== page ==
Bill's Archived Comments

for the week beginning: Monday, 2nd September 2002


Contents of this page (scroll down the page to see the full text of the article which interests you)

- Tory support falls in Scotland, says opinion poll (3 Sep 2002)

- Iraq and the weapons inspection game (3 Sep 2002)

(If you wish to see other articles, please click on the 'Archives' link above to go there now)

Tory support falls in Scotland, says opinion poll (3 Sep 2002)

According to an NFO System Three poll conducted for The Herald newspaper, support for the Conservatives in Holyrood (i.e. the Scottish Parliament) list voting intentions has fallen to 9%. If extrapolated to the results of next year's elections, this could give the Scottish Conservative 7 seats, compared with the 18 they won the last time.

This would potentially place the Party level-pegging with Tommy Sheridan's Scottish Socialists who have 8% support, according to the same poll.

But a Tory spokesman is reported to have said: "There is such a consistent margin of error that underestimates our actual vote that we do not comment on the findings." - of course, that in itself constitutes a comment! It is certainly true that opinion polls in Scotland have pretty consistently under-estimated the support that Scotland's Conservatives achieve in practice, but it is difficult to dispute that the trend of support is equally consistently downward in practice. Conservatives in Scotland, and in the United Kingdom as a whole, are unlikely to show an improvement in their electoral fortunes until the public believes that genuine changes are taking place in the Party, not simply the cosmetic measures that are currently being tried - although in Scotland the party has not even gone that far, in my view.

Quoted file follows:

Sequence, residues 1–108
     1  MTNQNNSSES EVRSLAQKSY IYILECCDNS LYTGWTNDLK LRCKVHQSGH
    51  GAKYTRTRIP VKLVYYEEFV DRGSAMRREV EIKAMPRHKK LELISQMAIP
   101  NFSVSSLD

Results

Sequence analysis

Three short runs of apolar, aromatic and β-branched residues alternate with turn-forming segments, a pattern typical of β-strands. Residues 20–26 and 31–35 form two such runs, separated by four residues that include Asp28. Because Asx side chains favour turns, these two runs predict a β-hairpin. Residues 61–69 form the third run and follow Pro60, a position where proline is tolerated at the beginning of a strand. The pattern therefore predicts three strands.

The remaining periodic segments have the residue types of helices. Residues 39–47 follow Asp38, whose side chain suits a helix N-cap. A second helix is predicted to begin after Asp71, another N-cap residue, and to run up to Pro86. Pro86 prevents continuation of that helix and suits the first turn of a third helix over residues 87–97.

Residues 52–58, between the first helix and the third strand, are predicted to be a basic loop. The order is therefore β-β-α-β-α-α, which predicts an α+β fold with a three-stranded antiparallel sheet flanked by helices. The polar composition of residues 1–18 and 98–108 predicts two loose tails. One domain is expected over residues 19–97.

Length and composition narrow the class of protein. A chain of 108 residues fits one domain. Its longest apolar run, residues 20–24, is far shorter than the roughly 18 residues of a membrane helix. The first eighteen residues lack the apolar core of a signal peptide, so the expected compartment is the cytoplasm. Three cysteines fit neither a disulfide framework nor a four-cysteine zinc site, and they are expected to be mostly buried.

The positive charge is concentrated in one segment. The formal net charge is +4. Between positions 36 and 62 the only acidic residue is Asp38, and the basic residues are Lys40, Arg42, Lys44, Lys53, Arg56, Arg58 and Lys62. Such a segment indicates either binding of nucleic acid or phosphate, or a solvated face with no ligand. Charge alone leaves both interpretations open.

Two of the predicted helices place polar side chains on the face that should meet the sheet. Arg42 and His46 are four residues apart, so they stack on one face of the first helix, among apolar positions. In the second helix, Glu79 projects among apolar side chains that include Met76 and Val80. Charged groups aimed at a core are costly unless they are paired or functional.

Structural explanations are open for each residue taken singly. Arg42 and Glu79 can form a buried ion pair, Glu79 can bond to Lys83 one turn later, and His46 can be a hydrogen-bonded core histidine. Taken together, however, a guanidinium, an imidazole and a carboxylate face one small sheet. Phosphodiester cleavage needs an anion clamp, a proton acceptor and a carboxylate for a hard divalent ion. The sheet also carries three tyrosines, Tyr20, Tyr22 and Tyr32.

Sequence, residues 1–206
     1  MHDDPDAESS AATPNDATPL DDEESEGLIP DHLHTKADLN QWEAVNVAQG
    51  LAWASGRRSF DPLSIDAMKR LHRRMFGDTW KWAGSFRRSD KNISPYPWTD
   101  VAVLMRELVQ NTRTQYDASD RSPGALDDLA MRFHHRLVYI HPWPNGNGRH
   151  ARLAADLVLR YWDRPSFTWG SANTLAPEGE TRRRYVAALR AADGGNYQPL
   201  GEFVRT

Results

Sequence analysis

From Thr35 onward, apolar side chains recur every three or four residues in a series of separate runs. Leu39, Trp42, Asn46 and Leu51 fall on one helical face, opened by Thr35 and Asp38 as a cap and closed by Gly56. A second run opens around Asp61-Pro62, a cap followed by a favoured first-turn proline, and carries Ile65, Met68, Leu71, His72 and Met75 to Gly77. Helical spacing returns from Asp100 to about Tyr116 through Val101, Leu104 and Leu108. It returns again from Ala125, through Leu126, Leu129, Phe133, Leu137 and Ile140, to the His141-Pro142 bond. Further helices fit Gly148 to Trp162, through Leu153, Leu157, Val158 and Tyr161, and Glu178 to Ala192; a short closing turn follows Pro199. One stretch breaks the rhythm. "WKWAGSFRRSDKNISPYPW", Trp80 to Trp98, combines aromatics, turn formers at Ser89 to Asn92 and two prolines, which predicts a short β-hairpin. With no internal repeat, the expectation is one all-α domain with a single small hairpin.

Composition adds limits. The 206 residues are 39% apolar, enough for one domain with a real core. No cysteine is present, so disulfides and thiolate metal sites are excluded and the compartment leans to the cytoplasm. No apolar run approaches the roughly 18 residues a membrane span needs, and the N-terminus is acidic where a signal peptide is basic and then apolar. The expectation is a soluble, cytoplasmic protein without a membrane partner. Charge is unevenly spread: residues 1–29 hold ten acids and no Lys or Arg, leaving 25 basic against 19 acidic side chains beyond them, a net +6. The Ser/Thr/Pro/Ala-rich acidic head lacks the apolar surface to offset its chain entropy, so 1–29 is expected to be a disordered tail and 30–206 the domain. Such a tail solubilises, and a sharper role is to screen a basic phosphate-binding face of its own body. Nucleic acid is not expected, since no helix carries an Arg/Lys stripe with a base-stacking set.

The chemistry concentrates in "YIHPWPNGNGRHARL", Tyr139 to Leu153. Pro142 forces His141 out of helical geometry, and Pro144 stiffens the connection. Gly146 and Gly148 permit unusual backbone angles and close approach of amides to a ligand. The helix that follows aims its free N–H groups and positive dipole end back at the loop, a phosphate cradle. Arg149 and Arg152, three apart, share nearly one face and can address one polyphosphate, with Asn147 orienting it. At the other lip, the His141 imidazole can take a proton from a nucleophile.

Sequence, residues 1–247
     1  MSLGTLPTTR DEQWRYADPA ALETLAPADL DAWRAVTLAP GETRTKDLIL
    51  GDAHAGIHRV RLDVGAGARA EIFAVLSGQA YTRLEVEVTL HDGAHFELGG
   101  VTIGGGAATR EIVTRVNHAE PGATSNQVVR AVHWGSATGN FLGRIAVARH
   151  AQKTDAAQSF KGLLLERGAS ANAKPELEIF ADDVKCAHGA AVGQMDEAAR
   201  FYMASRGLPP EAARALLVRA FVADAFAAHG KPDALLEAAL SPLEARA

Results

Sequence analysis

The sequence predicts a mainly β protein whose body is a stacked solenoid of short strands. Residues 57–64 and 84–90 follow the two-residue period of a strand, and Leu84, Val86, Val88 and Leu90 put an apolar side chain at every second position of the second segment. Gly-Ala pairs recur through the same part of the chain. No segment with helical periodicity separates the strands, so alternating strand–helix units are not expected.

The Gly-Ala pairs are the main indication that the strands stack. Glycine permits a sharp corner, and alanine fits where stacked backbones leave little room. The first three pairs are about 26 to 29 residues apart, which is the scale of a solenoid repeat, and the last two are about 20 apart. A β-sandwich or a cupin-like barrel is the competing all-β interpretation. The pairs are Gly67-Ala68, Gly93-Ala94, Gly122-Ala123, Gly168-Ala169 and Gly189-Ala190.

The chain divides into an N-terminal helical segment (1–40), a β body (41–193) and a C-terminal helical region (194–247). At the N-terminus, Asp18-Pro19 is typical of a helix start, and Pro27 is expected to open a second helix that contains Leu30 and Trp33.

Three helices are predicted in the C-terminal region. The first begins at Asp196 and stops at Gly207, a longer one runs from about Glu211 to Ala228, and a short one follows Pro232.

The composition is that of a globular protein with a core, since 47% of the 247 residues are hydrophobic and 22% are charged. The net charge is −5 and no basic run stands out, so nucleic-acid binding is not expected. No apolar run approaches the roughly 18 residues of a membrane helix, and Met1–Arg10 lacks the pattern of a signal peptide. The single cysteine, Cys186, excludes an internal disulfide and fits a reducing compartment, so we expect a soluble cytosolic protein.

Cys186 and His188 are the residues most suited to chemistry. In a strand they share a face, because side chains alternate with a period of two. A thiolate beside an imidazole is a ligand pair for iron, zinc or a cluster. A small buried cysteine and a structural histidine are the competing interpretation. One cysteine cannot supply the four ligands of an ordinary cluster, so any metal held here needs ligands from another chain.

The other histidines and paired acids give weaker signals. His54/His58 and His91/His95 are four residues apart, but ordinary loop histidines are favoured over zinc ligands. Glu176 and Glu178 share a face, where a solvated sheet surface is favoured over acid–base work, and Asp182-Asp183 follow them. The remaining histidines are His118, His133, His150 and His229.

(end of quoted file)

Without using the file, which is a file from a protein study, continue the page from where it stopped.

Iraq and the weapons inspection game (3 Sep 2002)

Tariq Aziz, Iraqi deputy Prime Minister, is up to his old tricks again. At the weekend he stated that return of weapons inspection teams was a "non-starter", but yesterday he is reported to have stated that this matter could be considered "within a comprehensive settlement", adding "Let us solve all problems comprehensively. There is no crisis between Iraq and the United Nations. The problem is with the Americans. This is the core of the matter.".

Unfortunately for Tariq Aziz, the 'core of the matter' is not quite as he would have us believe. UN resolutions are quite clear that UN weapons inspection teams must be permitted to carry out their work without impediment. Iraq has consistently tried to impede their work whilst they were in the country, declaring that many of the sites they wished to inspect were 'Presidential Palaces', which were exempt. In discussions since the team left some years ago, in the face of the blocking tactics of the Iraqi authorities, about the possibility of inspection teams returning, the Iraqi leadership has sought to impose conditions - covering the nationality of the inspectors and the scope of the inspections they would be permitted to carry out.

These are, in my view, simply a continuation of the delaying tactics for which the Iraqis, and Tariq Aziz in particular, are notorious. To this must be added their current diplomatic efforts to divide Europe and the United States. Tony Blair, generally not one of my favourite people, is right on this - we cannot allow Iraq to acquire the means of mounting chemical, biological or nuclear attacks against us, assuming it is not too late already. If necessary, the UK should lend whatever support it can to US efforts to end the menace of Saddam Hussein's tyranny in Iraq, although it will naturally be much better if the EU as a whole can act in concert with the US. Appeasement is a tempting option, but it will be just as dangerous to indulge in this now as it was in the 1930s.


|      |

Copyright © 2002 William Cameron